Do You Happen To Know The Meaning Of Your First Name?


By Sarah E. Mitchell


When readers are researching their family genealogy, they may find that in some records full names are recorded, sometimes foreign names (which are later changed to the English form), and occasionally nicknames. Listed below are some popular first names, their variations, and some foreign forms.

Ann (means grace): Derivatives are Ance, Annie, Annice, Annika, Annike, Annah, Annali, Annan, Anna, Nan, Nance, Nannette and Nannie. Anne, Annetta, and Annette are French forms; Hanna the German form; Ana the Portuguese; and Anne the Swedish, Austrian and Hungarian form.

Edward (means rich guardian): Derivatives are Ed, Ned, Eddy, Eddie, Ted, and Teddy. (Ted and Teddy are also short for Theodore.) Edouard is the French form.

Elizabeth (means consecrated to God or God's oath): Derivatives are Eliza, Elissa, Elsie, Elise, Elisa, Elisabet (Elisabet is the original Greek spelling), Elspie, Lisabette, Lisabetta, Lisbet, Lisbeth, Alisa, Lisa, Lisel, Liselle, Lesetta, Lisette, Lizzie, Lizzy, Lib, Libby, Libbie, Liz, Lisa, Tetsy, Tetty, Tibbie, Beth, Bethia, Betsy, Betsey, Bettie, Bettina, Betty, Bet, Bess, Bessie, and Betsy. Elspeth is the Scottish form; Else and Elisabeth are French forms; Lusa is the Finish form, Erzsebet is the Hungarian form; Elisabeth and Lise are German forms.

John (means God's gracious gift): Derivatives are Johnny, Jack, and Jock (popular in Northern England and Scotland). Johannes is the German and Swiss form; Jani, Johan, Jussi, and Jukka are the Finnish forms; Ian is the Socttish form; Sean is the Irish form; Jean is the French form; Ivan is the Russian form; Juan is the Spanish form; Johan is the Swedish form; Jone and Evan are the Welsh forms; and Giovanni is the Italian form.

Margaret (means pearl or child of light): Derivatives are Marsali, Margie, Marge, Madge, Maggie, Maggy, Mamie, Meg, Mag, Peggy, and Peg. Margarete is the German form; Margot and Marguerite are French forms; Margarita is the Spanish form; Margareta is the Swedish form; Margherita is the Italian form; Margit is the Hungarian form; Marget the Icelandic; Margarete is the Austrian form; Mariju is the Finnish form; Margarid the Armenian form; and Margrethe is the Damish form.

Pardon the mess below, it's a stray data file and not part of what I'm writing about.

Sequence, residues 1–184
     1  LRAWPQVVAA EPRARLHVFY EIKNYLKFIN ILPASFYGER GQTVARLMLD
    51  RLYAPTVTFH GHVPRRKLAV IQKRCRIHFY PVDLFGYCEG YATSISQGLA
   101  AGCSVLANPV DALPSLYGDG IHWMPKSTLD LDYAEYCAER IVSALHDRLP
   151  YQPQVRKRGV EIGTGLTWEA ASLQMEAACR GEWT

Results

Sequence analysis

Martha (means lady or sorrowful): Derivatives are Marte, Marta, Marty, Matty, Patty, and Patsy (note Marth "Patsy" Washington). Marta is a German and Hungarian form; Marthe is the French form.

Mary (means bitter tears): Derivatives are Molly, Molley, Polly, Polley, Mol, Marya, Maryse, Marysia, Mara, Marah, Mal, Mayme, Maion, Misie, Mameie, and Mally. Marie is the French and Czech form; Maria is the Austrian, Ukranian, Portuguese, Swedish, Swiss (where it is often used for men in combination with masculine names), Spanish and German form; Maire is the Irish form; Meri is a Greek form; and Mariju is the Finnish form.

Sarah (means princess): Derivatives are Sara, Sal, Sally, Salley, Sallie, Sadie, Sadey, Sada, and Saida. Sara is both the German and French form.

Susannah or Susanna (means lily): Derivatives are Susan, Susie, Sue, Sukey, Susette, Suzie, Suzy, Suzette, Suzanne and Suzanna. Susanne is the French and Italian form; Zsuzzsanna is the Hungarian form.

William (means resolute protector): Derivatives are Will, Willis, Willie (considered in the 19th century to be a rather namby-pamby form), Willy, Bill, Billie (this can be a girl's or boy's name), and Billy. Guillame is the French form; Wilhelm the German and Swedish form; Vilhelm the Damish; Viljo is the Finnish form; and Vilem the Czech.


Note: This article was originally published in The Pittsylvania Packet, No. 16, The Pittsylvania Historical Society, Chatham, Virginia, Spring 1995 (when the author was sixteen years old).
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